Dr. Mark Ghaly: (55:48)
Thanks again Governor and thank you for the question. We’ve been talking through this one quite a bit with a number of individuals. Again we had pretty good evidence not just here in California but broadly across the nation around hair salons and measures taken by barbers and hair salons to reduce transmission and put protective factors into place. We appreciate that other sectors are able to do similar things and as we move forward, we’ll consider the placement of some of these various sectors throughout our different tiers as we begin to develop increasing information about how each of these different sectors can reduce risk.

Dr. Mark Ghaly: (56:36)
Globally though, we want to make sure that this slow and stringent approach also builds up general mixing across the state, gradually introducing other sectors with different levels of operation. So we anticipate more and more of these conversations in our pursuit of safely having industries open across the state and we’re sure that over the next couple of weeks we’ll be having more conversations with nail salons, owners, operators, the industry as a whole, to figure out how to guide their opening and their operations in a place that allows us to minimize transmission across the state. We will of course be learning as we go through these next couple of weeks based on those industries that are operating now and increasing percentage of normal operations and be able to use those lessons to guide what we do [inaudible 00:57:39] again, pointing to the data, the evidence, watching as it evolves over the next many weeks to determine the path forward for the state.

Governor Gavin Newsom: (57:50)
[inaudible 00:57:50] let me if I may reinforce what Dr. Ghaly said, it’s an [inaudible 00:57:56] process and again one which we’re constantly engaged with our mind not made up but interested in evidence and the data bears fruit, the epi data shows us the way and provides us the capacity to make determinations. We will make those determinations in realtime. Includes by the way conversations that are ongoing just as a reminder for theme parks, amusement parks, and the like. There are still many areas where we are open-ended in terms of our negotiation, making progress and advancing in the same space, getting closer to concluding when and how to safely reopen those sectors.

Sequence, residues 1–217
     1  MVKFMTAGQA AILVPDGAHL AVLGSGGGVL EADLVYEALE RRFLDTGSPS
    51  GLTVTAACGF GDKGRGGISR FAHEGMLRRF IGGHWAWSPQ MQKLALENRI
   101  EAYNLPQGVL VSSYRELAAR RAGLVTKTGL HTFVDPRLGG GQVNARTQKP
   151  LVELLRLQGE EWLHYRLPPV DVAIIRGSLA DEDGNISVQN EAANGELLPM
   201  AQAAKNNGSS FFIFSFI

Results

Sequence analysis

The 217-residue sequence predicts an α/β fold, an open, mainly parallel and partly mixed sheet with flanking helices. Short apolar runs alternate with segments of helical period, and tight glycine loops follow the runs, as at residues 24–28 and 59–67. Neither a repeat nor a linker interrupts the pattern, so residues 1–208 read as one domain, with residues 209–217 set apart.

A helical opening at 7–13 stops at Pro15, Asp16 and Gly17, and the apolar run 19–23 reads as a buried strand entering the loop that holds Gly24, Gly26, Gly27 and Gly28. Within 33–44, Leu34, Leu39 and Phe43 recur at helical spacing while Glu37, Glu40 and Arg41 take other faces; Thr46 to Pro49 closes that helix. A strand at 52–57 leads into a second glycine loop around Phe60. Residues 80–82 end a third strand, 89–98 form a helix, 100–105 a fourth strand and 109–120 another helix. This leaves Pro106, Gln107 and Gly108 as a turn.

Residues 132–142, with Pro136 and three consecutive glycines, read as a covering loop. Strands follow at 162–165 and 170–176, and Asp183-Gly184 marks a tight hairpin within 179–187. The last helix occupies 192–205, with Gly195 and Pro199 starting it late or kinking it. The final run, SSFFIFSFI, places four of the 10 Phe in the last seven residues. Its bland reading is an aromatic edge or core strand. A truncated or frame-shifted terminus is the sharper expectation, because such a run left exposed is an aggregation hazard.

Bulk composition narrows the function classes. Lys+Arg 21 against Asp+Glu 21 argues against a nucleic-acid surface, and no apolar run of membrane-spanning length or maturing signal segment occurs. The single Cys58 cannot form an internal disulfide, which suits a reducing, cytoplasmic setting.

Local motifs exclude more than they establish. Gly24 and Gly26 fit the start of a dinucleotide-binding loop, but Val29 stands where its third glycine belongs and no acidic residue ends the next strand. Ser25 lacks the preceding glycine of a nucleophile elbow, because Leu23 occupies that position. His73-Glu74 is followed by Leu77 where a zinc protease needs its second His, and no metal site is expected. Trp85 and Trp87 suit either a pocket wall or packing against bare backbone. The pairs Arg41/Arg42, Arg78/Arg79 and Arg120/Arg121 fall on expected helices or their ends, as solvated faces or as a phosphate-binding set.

Speaker 3: (58:37)
Phil Willon, LA Times.

Phil Willon: (58:40)
Hi Governor. I’m sure you are aware that this weekend, this past weekend, there was a prayer gathering at the State Capitol that drew about 3,500 people on the lawn. The video and photos of it clearly show that most people weren’t wearing masks, most people were standing shoulder to shoulder. The CHP issued a permit for the event even though gatherings of that size go against public health directives. I’m curious, where for you is the line between public health and First Amendment rights and do you think that this event crossed that line?

Governor Gavin Newsom: (59:14)
Yeah, I’m getting more information about the details of the event so I cannot opine about the nuance and details. Some report 12,000 people, you say 3,500, I heard as low as 2,500 from someone else so we’re in that process of gathering all those facts. As you know, our focus this weekend was a little bit different in terms of some emergency rescues and some efforts to deal with our energy supply as well as mitigate the spread of additional fires but we’re getting those details. I’m going to learn more about them this afternoon, getting a full report on what occurred over the weekend. Let me just say this though as a point of consideration. If you say you’re going to do something, do it.

Governor Gavin Newsom: (59:53)
If you get a permit to do something and you say you’re going to do the right thing, then you need to do the right thing, and you also, all of us, need to lead by example. If you’re going to request a permit, you’re going to put other people’s lives at risk. I think one has to do that with their eyes wide open very soberly and we all have to be I think cognizant of the reality, the spread of this disease. It does not help to have thousands and thousands of people not practicing physical distancing or social distancing, not wearing masks, in fact quite the contrary.